What may have occurred is that the BCHRT realized it had a hot potato on its hands and wanted a way out. The settlement process clearly allowed the BCHRT to avoid a ruling that may have been applicable province wide and if implemented drawn a great deal more heat. In this instance I would say all parties involved, including the public at large, were ill served. This was a messy stupid decision that has created the proverbial slippery slope. Both common sense and decency dictate that a visually impaired individual with a guide dog never be denied transport under any circumstances. The BCHRT in it’s perverse cowardice thinks otherwise, all the more reason to crush this bastion of PC Bullshit.
I stand by my original post and my condemnation of the BCHRT Kangaroo Court. Oh and stop pickin on that Mark Steyn guy too Brooks;)
The Star – Taxi firm pays blind man after refusing ride
VANCOUVER – “A North Vancouver taxi company has agreed to pay a blind Vancouver man $2,500 after one of its drivers refused to pick up the man because he was accompanied by his guide dog. ”
Here comes the Kick in the Teeth- as you’d expect from the BCHRT or any of our Human Rights Kangaroo Courts
“It’s against the law for cab drivers not to transport blind people with guide dogs, but a settlement agreement between Gilmour and the taxi company says an exception to that law would be a Muslim driver refusing to transport a dog because of religious beliefs.
But the policy says the driver has to call dispatch for the next available cab and stay with the blind person and guide dog until that cab arrives.”
Update from Vancouver Sun: Behzad Saidy is the Cab driver in question.
He said that as a Muslim, he cannot associate with dogs because they are considered impure.
Saidy said he often walks disabled people to their door or helps them into cabs and, in Gilmour’s case, he called the dispatcher to order another cab to collect him and Arden.”I felt for [Gilmour]. I’m sorry for him but I’ll never be sorry for what I did because I try to help people all the time,” he said.”I have lots of customers who are blind or disabled…but I can’t be close to the dog.
“In my own company they say if you don’t take the dog you’re going to be fired. This is torture for me.”Saidy said he agreed to the settlement because his religion was finally respected and he was exempt from picking up guide dogs. But, he adds, he’s not optimistic that’s going to happen. “I don’t trust anymore,” he said.
Cripes! Get another Job Mr. Saidy
It is evident that the F&CKING ASSHOLES OF THE BCHRT are not in the business of Human Rights but instead in the business of PC Thuggery. In their make-believe world wrong is right.
I suggest we all buy large dogs, teach em to drink, and inform Cab companies in advance that we are our pets “Sober Companions”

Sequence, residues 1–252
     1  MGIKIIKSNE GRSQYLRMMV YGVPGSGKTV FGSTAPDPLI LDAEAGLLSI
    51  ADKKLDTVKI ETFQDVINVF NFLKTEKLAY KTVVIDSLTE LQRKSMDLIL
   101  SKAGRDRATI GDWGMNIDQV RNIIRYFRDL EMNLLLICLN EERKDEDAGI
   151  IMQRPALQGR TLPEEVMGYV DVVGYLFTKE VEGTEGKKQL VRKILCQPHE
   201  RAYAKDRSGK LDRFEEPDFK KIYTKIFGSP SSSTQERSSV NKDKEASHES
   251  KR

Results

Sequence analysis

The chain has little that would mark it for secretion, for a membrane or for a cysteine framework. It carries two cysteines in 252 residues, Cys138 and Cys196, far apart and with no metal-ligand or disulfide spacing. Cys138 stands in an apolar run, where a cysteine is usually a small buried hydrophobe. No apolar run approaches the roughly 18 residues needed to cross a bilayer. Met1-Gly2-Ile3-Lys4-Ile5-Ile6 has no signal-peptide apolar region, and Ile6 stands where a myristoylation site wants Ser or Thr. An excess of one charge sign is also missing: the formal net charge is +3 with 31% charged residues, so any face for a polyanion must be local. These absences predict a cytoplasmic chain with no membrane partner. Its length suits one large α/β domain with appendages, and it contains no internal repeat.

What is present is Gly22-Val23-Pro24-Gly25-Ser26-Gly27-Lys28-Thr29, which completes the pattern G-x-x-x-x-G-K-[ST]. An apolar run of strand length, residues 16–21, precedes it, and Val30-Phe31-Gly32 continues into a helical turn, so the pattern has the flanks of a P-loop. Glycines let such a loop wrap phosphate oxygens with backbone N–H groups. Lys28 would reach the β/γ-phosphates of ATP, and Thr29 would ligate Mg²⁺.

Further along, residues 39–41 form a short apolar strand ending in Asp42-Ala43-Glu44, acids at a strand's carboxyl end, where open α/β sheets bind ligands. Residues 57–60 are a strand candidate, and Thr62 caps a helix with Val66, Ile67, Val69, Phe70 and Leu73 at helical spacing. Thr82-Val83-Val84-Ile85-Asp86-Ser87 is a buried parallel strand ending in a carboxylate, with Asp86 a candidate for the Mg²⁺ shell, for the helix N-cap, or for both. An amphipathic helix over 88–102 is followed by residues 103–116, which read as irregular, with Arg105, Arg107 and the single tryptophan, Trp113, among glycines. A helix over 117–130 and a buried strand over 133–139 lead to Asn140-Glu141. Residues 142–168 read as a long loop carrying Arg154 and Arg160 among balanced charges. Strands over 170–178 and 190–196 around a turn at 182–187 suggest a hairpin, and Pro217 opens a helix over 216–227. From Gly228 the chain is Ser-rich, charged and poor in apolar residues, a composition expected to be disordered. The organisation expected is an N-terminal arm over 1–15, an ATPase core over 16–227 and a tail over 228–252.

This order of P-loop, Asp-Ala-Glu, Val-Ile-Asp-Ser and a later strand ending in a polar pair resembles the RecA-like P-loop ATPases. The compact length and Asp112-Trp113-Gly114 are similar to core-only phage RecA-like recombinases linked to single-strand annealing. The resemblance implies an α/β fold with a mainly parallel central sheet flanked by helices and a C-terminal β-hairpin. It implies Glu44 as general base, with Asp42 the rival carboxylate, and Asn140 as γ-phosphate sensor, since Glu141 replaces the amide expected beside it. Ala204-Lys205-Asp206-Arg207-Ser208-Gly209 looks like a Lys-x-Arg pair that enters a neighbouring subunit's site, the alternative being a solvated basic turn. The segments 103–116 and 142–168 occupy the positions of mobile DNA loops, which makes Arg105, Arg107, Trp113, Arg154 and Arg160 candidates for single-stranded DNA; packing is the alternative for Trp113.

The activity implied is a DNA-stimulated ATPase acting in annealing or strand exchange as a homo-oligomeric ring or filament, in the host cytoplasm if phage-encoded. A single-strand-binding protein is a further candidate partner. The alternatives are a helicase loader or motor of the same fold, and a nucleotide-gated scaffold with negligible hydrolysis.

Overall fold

From the comments- best suggestion yet!
“Ok, maybe then just carry a flask of booze everywhere, or bacon on a chain round your neck. You know, kind of like garlic & vampires.”
You may register your complaint with the BCHRT using the on line form here.
Upperdate: Mark Steyn on the BCHRT Cabbie Craziness H/T SDA
“Canada’s ghastly human rights commissions are an an ersatz-judicial abomination to enforce PC bullying. In recent years, they’ve ordered a Catholic school in Alberta to employ a practising homosexual, fined a Christian printer in Toronto for refusing to print a gay activist group’s publicity material, used their powers to support the suspension without pay of a evangelical Christian school teacher who had written to his local paper expressing concern over pro-gay education programs. In all case, the human rights commissions operated on the more or less consistent principle that “religious belief” was fine as long as you kept it furtive and walled up inside your private home but it did not have the right to impact on who you employed, what clients you accepted*, or even what views you expressed in the newspaper.
Apparently, it’s different for Islam.
(*The Toronto printer even did as that Muslim taxi driver was supposed to do, and found an alternative printer for the gay group.)
Upperdate No. 2: Mark Peters raises interesting points in Hyper Accomodation
“With respect to the Muslim-friendly spaces, the important question is whether Muslims are going to accommodate kuffar using the facilities. Are blind persons with seeing-eye dogs going to be allowed into the washrooms now that Muslim spaces have been set up? I have a sneaky suspicion they aren’t, much in the same way Muslim cab drivers refuse to pick up or drive those with dogs.
Are Muslims cool with a transgendered person washing him/herself in the ablution space? I really don’t know. Perhaps they are, but what if they aren’t?
This type of “unidirectional multiculturalism,” as Mark Steyn calls it, is a setup for anti-Muslim “discrimination” suits, especially since defilement of a Muslim sacred space is assumed by default to be motivated by hatred and not convenience or utility.”
MEA CULPA: BCF wrongly identified the CHRC as the culprit, it is in fact the BCHRT, British Columbia Human Rights Tribunal – which is responsible. BCF wishes to thank the reader responsible for pointing this out.